Seasonal eating is really easy as well as being more economical. Because of the abundance of produce available in supermarkets we have got out of the habit of knowing when fruit and veg are in season. If you think eating seasonally is all about endless root vegetables in winter, you may be surprised with what is available.
Fruit and veg are not the only ingredients that are affected by seasonality. Some ingredients such as game are controlled by law. It is not possible to buy game such as pheasant, grouse or deer at certain times of the year. Fish has its season too and the Marine Stewardship Council (MSC) has a helpful guide to what fish is available at certain times of the year and what alternatives there are. As with game, the fish will breed at certain times of the year, and need time to grow and develop.
You might have to be a bit more adventurous with your cooking but the advantages outweigh the disadvantages. There are a number of websites that give you information on the produce that is available in certain seasons, including Eat Seasonably and the Vegetarian Society.
January and February may seem bleak months to be thinking about fresh vegetables however there is a wide variety available. Including parsnips, leeks, onions, butternut squash, purple sprouting broccoli and a range of cabbages. You can make some really tasty dishes from these vegetables such as leek gratin, a stir fry with the broccoli, a butternut squash tagine.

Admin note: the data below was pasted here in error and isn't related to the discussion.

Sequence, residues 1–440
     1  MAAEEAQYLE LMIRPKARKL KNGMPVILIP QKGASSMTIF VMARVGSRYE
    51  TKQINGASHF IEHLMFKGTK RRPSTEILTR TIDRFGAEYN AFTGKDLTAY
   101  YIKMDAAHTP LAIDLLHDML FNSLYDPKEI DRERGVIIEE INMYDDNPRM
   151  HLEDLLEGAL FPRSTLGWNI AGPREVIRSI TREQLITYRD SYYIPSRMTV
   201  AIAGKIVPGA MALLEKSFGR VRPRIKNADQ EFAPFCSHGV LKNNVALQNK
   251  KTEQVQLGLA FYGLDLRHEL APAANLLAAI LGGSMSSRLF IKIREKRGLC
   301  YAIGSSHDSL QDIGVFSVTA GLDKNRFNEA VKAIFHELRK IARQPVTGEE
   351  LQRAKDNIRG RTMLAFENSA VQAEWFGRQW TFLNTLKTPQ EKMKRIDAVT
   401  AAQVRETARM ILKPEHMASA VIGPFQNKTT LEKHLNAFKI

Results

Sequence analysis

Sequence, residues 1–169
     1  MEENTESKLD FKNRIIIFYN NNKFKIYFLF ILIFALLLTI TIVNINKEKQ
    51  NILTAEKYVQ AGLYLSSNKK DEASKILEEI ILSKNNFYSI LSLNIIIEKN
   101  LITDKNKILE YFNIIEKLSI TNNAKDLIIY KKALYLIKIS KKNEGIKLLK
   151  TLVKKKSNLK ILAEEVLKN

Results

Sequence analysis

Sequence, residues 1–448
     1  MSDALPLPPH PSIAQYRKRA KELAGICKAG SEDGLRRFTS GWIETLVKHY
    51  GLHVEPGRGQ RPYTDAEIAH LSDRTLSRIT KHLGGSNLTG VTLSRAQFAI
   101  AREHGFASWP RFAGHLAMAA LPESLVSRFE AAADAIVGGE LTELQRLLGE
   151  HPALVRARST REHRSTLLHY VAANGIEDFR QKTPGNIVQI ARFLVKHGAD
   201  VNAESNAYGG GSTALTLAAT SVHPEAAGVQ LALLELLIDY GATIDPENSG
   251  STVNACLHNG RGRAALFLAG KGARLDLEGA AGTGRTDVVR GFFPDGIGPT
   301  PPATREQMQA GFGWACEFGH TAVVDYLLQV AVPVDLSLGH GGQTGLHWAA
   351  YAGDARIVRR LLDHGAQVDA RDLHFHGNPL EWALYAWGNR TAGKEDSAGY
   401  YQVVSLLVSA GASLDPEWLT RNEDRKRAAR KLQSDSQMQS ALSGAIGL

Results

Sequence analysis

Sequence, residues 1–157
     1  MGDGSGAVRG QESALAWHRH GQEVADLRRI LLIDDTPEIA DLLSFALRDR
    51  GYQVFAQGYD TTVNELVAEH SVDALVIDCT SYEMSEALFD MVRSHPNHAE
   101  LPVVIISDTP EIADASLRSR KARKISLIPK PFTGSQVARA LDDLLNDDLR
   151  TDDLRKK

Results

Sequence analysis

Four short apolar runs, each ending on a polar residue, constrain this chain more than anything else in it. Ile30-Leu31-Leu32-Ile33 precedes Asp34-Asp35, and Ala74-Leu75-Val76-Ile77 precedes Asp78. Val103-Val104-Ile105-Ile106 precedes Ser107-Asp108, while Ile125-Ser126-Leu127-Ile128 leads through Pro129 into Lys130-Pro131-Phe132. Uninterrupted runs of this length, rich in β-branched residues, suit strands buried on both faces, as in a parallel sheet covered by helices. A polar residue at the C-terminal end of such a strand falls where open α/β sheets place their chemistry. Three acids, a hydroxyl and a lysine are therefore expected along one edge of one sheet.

Apples and pears, although harvested in autumn, store well and can be kept for a year in the right conditions and are available at this time of year. Try and buy English varieties so that you’re not using up the air miles of apples flown in from New Zealand or South Africa.
As the year goes by you can consider preserving vegetables. You could pickle them or if you have the capacity, keeping them in the deep freeze. By blanching green vegetables such as green, runner or French beans in hot water for a few minutes and then chilling quickly in cold water, you will be able freeze them without them losing too many nutrients or colour.
Eating seasonally means things taste better. If you are picking the veg at the time it is ripe/ready for harvesting it will taste better.
Click here for more details on what foods are in season
For details from the vegetarian society
For details about the MSC
Kumud Gandhi is a Nutritional Food Scientist bestselling Author, Broadcaster, and Keynote Speaker on the subject of nutritional health for productivity & performance in the workplace. In 2010 Kumud founded ‘The Cooking Academy’ a cookery school that focusses on cooking for nutritional health and wellbeing. Kumud regularly presents to international audiences on a variety of topics such as ‘Eating for Immunity and a Lifetime of Wellness’. She is an expert in the field of Wellness in the Workplace and works with organizations to create transformational change in employee health & well-being through nutrition and health coaching.